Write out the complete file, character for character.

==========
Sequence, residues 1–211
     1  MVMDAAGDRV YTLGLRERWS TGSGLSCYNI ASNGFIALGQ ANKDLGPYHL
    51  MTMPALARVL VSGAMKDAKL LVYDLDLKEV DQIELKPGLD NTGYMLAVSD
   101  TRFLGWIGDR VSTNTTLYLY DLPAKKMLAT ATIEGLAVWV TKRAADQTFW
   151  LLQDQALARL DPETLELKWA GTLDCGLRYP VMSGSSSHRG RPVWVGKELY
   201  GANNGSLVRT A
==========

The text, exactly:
Sequence, residues 1–211
     1  MVMDAAGDRV YTLGLRERWS TGSGLSCYNI ASNGFIALGQ ANKDLGPYHL
    51  MTMPALARVL VSGAMKDAKL LVYDLDLKEV DQIELKPGLD NTGYMLAVSD
   101  TRFLGWIGDR VSTNTTLYLY DLPAKKMLAT ATIEGLAVWV TKRAADQTFW
   151  LLQDQALARL DPETLELKWA GTLDCGLRYP VMSGSSSHRG RPVWVGKELY
   201  GANNGSLVRT A